No Silver Bullet for COVID-19, But Tech Can Help
Some companies bet big on contact tracing systems.
Experts agree that reopening the United States requires contact tracing—working out, when someone has tested positive for COVID-19, who they might have infected already. Contact tracing, like any kind of detective work, is ultimately a very human undertaking. It’s a labor intensive, empathetic process of walking people back through the last few days of their lives and helping them remember who they might have been in close enough contact with to infect.
You can’t do that with an app—especially one that’s not downloaded by 80 percent of smartphone users, and uses Bluetooth location data that might list someone in an adjacent apartment as a “close contact.”
But enterprise technology providers like Capgemini, PwC and Salesforce are making big market bets (Salesforce is giving its tools away for free) that you can systematize the contact tracing process through call centers or dashboards—making it possible to ramp up capacity fast. And you can use location data from Bluetooth proximity tracing apps and cellphone service providers, with the interviewee’s consent, to help jog their memory.
“Technology can help the contact tracers by augmenting and automating elements of the job,” says Pavel Doležal, CEO of Czech big data automation and orchestration firm Keboola. His company provides the software backend for the Smart Quarantine contact tracing system the Czech Republic rolled out May 1.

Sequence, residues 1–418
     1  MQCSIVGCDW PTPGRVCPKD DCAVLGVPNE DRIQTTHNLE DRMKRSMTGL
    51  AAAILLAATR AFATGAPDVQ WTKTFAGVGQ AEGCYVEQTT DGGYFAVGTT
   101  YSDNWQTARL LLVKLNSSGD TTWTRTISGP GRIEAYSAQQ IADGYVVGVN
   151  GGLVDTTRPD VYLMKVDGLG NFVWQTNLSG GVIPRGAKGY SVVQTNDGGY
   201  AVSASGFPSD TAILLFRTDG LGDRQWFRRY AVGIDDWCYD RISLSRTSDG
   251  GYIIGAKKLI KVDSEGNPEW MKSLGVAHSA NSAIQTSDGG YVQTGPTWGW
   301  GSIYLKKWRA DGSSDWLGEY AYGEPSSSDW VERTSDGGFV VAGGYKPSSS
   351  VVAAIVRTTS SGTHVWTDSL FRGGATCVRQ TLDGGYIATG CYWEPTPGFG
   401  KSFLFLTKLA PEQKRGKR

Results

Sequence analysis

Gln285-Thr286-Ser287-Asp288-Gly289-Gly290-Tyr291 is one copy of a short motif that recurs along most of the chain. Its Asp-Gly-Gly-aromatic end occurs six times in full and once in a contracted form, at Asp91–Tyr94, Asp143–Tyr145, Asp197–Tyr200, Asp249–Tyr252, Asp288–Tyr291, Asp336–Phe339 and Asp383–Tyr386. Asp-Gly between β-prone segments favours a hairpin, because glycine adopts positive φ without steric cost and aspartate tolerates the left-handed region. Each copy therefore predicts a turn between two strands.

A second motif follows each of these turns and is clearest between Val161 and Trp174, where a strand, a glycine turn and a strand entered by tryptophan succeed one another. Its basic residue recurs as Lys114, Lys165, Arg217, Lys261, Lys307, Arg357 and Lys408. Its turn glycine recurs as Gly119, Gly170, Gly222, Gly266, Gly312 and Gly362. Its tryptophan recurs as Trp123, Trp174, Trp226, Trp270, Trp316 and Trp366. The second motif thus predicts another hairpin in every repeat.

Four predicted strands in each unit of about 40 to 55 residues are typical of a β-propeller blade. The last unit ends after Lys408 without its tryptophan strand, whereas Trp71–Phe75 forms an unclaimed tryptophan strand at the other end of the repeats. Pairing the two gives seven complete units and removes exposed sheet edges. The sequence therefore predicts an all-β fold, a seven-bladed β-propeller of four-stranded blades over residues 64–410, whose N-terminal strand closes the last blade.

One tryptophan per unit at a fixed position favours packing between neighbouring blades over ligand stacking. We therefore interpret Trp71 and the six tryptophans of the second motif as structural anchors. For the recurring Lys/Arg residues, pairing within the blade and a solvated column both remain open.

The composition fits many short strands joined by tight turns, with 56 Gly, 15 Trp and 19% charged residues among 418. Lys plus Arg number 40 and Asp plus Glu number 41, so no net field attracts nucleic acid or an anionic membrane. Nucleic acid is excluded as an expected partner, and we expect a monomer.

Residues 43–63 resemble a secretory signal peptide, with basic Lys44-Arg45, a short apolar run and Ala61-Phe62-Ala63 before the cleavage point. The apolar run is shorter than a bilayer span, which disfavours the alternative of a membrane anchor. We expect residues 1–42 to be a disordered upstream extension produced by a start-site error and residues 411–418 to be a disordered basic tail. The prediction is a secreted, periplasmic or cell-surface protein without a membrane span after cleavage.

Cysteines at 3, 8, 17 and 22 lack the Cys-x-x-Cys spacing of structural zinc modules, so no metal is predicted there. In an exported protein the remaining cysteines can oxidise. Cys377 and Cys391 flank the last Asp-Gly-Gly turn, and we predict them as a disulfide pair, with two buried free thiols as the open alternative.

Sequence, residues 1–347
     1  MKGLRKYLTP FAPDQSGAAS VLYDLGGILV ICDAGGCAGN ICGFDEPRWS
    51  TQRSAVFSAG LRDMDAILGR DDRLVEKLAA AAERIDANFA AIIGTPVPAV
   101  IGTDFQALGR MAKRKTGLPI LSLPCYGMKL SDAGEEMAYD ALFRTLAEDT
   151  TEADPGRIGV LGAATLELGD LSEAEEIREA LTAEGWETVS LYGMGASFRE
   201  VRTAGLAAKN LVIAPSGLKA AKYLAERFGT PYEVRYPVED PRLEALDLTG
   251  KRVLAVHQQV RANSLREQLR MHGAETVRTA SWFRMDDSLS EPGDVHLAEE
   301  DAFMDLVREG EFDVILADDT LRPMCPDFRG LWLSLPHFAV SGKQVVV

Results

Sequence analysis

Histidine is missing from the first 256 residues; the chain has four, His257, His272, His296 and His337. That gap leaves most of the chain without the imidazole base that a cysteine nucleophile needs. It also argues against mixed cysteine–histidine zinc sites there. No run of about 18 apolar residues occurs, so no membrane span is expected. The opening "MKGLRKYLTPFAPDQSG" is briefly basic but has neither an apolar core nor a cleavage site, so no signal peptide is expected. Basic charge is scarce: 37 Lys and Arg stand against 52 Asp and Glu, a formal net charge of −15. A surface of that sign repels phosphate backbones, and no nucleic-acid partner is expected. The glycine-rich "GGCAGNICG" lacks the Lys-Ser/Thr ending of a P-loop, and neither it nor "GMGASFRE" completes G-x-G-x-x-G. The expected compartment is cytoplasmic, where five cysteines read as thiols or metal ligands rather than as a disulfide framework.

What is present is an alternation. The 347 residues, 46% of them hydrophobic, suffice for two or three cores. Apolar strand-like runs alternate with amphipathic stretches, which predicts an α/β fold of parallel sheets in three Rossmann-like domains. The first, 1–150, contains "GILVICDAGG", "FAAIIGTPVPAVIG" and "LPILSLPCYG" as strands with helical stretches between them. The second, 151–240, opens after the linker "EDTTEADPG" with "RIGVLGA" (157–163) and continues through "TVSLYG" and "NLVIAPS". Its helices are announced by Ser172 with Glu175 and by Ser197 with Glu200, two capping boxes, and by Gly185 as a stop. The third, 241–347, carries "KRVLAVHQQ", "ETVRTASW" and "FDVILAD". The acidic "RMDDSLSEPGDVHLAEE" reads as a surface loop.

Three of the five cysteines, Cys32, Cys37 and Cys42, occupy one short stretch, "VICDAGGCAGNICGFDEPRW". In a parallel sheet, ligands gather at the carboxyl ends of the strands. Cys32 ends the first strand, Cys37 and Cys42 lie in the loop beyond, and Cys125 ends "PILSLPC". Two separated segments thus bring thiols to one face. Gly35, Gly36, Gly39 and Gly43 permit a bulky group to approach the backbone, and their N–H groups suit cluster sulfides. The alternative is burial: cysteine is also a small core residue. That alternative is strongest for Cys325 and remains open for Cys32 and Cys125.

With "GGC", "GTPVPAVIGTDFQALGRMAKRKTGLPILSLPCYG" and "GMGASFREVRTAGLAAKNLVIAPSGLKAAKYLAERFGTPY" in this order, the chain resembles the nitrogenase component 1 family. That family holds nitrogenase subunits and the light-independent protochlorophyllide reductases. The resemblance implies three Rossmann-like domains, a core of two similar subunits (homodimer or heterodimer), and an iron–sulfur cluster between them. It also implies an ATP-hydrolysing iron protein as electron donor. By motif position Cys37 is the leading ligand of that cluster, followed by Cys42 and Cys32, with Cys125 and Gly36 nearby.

Keboola’s technology is being used in Slovakia too, and is being looked at by a couple of other European governments, Doležal says. In the United States, it’s being pitched by French government contractor Capgemini to state and city governments—and to big companies in the travel and hospitality sector—according to Czech officials.
Dozens of countries are deploying their own test-and-trace solutions, But some, like South Korea, have drawn fire for privacy violations that encourage public shaming. “We didn’t want to adopt the very top-down approach we’ve seen in some Asian countries. ... It’s important that this is all based on consent,” says Doležal of the Czech approach, adding that the system complies with the strict data protection and privacy requirements of Europe’s wide-ranging data law, the GDPR.
The call centers are staffed by employees of the Czech Ministry of Health. Anyone who tests positive will get a call and undergo an interview to help identify people they have been in close contact with over the past few days. The interviewee is asked for permission to use location data from their cellphone, collected by their mobile provider, to help them remember everywhere they’ve been. Their response is recorded. “Everyone is given a choice,” Doležal says.